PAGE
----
6. Investigating Kerberos Authentication Problems
Kerberos authentication relies on AD. If a Kerberos problem arises, there's likely a problem with the computer accounts involved. You might need to reset the computer account password or re-enable the computer account. If problems persist, you might need to exempt Kerberos traffic from IPsec on the domain controller (DC). To do so, issue the command

netsh ipsec dynamic set config ipsecexempt value=0

Win2K permits Kerberos authentication traffic, but Windows 2003 doesn't. This Netsh command forces Windows 2003 to behave like Win2K.

7. Investigating Certificate Authentication Problems
If you're having trouble with certificate-based authentication, you can probably trace the problem to one of three causes: The certificate isn't installed, the certificate is expired, or the Certificate Revocation List (CRL) check isn't completing. The default certificate period for an IPsec certificate is two years, which is long enough for most organizations to have forgotten about it. Unlike some other certificate templates, the default IPsec certificate template isn't configured for auto-enrollment.

The easiest way to determine whether certificates are installed, corrupted, or expired is to open the local computer's certificate store. The MMC Certificates snap-in is also the tool that you would use to request a new IPsec certificate. When you create an MMC Certificates snap-in to examine the expiration date of the installed IPsec certificate, you need to ensure that you select the Computer account option, as Figure 5 shows. If you select the My user account or Service account option, you won't be able to locate the issued IPsec certificate.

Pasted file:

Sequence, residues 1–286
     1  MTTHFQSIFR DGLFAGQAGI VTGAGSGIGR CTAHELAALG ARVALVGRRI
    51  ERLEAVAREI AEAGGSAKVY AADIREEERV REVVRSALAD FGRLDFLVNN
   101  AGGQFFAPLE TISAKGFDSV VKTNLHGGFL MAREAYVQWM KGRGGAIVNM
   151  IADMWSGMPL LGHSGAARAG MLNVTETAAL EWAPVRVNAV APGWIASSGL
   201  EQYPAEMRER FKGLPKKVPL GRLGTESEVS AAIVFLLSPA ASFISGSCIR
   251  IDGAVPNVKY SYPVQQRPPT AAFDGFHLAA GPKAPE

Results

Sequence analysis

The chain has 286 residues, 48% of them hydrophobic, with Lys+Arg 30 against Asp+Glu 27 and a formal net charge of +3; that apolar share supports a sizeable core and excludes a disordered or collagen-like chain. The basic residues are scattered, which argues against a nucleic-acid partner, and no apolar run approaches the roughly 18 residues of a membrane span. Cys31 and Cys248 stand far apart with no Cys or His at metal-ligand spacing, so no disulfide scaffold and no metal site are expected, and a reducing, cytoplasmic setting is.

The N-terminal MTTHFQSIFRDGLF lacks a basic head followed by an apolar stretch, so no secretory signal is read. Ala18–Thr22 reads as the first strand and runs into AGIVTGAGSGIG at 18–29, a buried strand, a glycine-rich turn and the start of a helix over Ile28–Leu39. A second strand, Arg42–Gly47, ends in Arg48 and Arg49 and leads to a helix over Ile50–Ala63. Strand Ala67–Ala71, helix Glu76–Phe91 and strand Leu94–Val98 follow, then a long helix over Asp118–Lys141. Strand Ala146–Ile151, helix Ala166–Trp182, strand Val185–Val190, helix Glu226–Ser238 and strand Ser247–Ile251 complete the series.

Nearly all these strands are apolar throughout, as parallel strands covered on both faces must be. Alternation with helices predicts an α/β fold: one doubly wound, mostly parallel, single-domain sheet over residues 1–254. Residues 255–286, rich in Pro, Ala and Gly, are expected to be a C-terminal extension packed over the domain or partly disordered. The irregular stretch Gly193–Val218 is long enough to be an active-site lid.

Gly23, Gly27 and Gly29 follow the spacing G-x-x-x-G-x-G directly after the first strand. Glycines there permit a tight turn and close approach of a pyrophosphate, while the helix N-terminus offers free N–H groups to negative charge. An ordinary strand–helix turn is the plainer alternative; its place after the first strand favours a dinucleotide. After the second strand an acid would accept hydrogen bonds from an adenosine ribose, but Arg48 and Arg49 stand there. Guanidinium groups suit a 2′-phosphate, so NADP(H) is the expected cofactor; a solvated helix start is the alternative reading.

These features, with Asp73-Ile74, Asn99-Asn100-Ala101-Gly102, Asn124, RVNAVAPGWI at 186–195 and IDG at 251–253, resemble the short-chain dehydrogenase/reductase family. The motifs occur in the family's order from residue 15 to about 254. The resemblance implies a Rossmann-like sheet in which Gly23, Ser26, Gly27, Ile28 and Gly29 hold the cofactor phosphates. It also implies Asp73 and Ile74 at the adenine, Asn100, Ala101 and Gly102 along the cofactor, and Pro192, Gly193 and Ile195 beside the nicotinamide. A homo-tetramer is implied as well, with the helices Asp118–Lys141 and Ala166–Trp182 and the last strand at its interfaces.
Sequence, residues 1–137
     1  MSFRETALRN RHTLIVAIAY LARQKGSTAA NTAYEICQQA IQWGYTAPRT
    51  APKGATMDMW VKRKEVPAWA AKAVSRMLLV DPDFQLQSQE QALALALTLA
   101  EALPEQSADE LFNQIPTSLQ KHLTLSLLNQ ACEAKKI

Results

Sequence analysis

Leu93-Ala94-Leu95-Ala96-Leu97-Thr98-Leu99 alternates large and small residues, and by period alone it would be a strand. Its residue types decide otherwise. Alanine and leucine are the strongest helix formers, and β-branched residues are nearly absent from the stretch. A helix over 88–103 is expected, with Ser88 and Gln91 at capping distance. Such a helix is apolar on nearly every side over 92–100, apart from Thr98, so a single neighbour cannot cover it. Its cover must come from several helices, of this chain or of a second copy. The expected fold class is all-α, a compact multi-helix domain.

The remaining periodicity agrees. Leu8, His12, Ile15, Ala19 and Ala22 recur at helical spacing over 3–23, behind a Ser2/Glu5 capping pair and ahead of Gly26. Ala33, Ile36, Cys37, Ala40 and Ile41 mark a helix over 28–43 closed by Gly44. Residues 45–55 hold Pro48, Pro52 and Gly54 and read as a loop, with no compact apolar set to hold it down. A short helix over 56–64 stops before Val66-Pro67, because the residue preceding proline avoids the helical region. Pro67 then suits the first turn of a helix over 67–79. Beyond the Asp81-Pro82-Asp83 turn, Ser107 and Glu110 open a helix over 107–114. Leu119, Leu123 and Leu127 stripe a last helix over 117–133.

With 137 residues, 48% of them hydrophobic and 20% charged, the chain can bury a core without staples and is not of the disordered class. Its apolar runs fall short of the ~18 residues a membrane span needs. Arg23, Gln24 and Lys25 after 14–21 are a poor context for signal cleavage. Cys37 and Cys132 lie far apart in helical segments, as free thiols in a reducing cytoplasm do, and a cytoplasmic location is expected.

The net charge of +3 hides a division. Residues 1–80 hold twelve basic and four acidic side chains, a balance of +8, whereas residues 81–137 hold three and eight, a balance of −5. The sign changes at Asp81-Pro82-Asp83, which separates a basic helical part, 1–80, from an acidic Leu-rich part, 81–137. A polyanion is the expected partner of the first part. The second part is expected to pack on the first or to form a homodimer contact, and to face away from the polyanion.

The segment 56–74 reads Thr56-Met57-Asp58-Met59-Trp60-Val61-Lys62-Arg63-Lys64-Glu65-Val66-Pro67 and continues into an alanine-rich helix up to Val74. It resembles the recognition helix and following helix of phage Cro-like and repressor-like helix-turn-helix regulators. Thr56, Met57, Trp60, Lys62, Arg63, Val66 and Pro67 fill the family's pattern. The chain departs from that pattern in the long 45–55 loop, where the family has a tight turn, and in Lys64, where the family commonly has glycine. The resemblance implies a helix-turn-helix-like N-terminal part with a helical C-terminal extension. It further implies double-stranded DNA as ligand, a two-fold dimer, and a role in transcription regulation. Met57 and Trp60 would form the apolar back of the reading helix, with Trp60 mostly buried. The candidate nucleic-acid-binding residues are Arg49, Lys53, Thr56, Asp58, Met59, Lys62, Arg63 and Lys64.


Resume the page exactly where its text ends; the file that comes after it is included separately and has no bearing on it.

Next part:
In the long run, the best course of action is to create a new IPsec certificate template that supports auto-enrollment (a feature that's limited to Windows 2003 Enterprise Edition). IPsec certificates will then be updated automatically, and no one will have to remember that IPsec certificates expire every two years, as long as you select the autorenewal option.

When certificates are in use, IPsec checks the CRL to check whether a certificate has been revoked. IPsec allocates a certain amount of time for this check, and it's possible that this window might close before IPsec obtains a result. To disable the CRL check, issue the command

netsh ipsec dynamic set config strongcrlcheck 0

8. Checking Whether Everyone Is Using the Client Policy
Administrators new to IPsec sometimes apply the default Client (Respond Only) policy to all the computers on the network, then wonder why nothing is being encrypted. For IPsec policies to come into force, one of the partners needs a policy that either requests or requires the use of IPsec. If all hosts have the Client (Respond Only) policy assigned, none of them will request the use of IPsec. To resolve the problem, try activating one of the server policies on your computer and running GPU Update.

9. Checking the IKE Log
If all the aforementioned strategies don't help you with your IKE problem, you might have to take a more detailed route to resolution. At this point, you'll need advanced knowledge of Internet Security Association and Key Management Protocol (ISAKMP) RFC 2408 and IKE RFC 2409. You can enable tracing for IKE negotiations by issuing the command

netsh ipsec dynamic set config ikelogging 1

You can increase the amount of logged information by increasing the ikelogging value to as much as 7 (which logs all possible data). The IKE trace log is located at \%systemroot%\Debug\Oakley.log, and you can use a text editor to view it. Note that the log-file content is dense, and people new to IPsec will probably be quickly out of their depth when trying to read its contents.

Beware Customization
The IPsec policies that ship with Windows 2003 typically work straight out of the box. Only when you start customizing them to use certificate-based or shared-key authentication do problems begin to arise. If you do want to modify the way that IPsec authenticates, you should create a new policy rather than edit an existing one. As long as you follow that advice, you'll be able to quickly switch to a working configuration while you investigate any problems that crop up.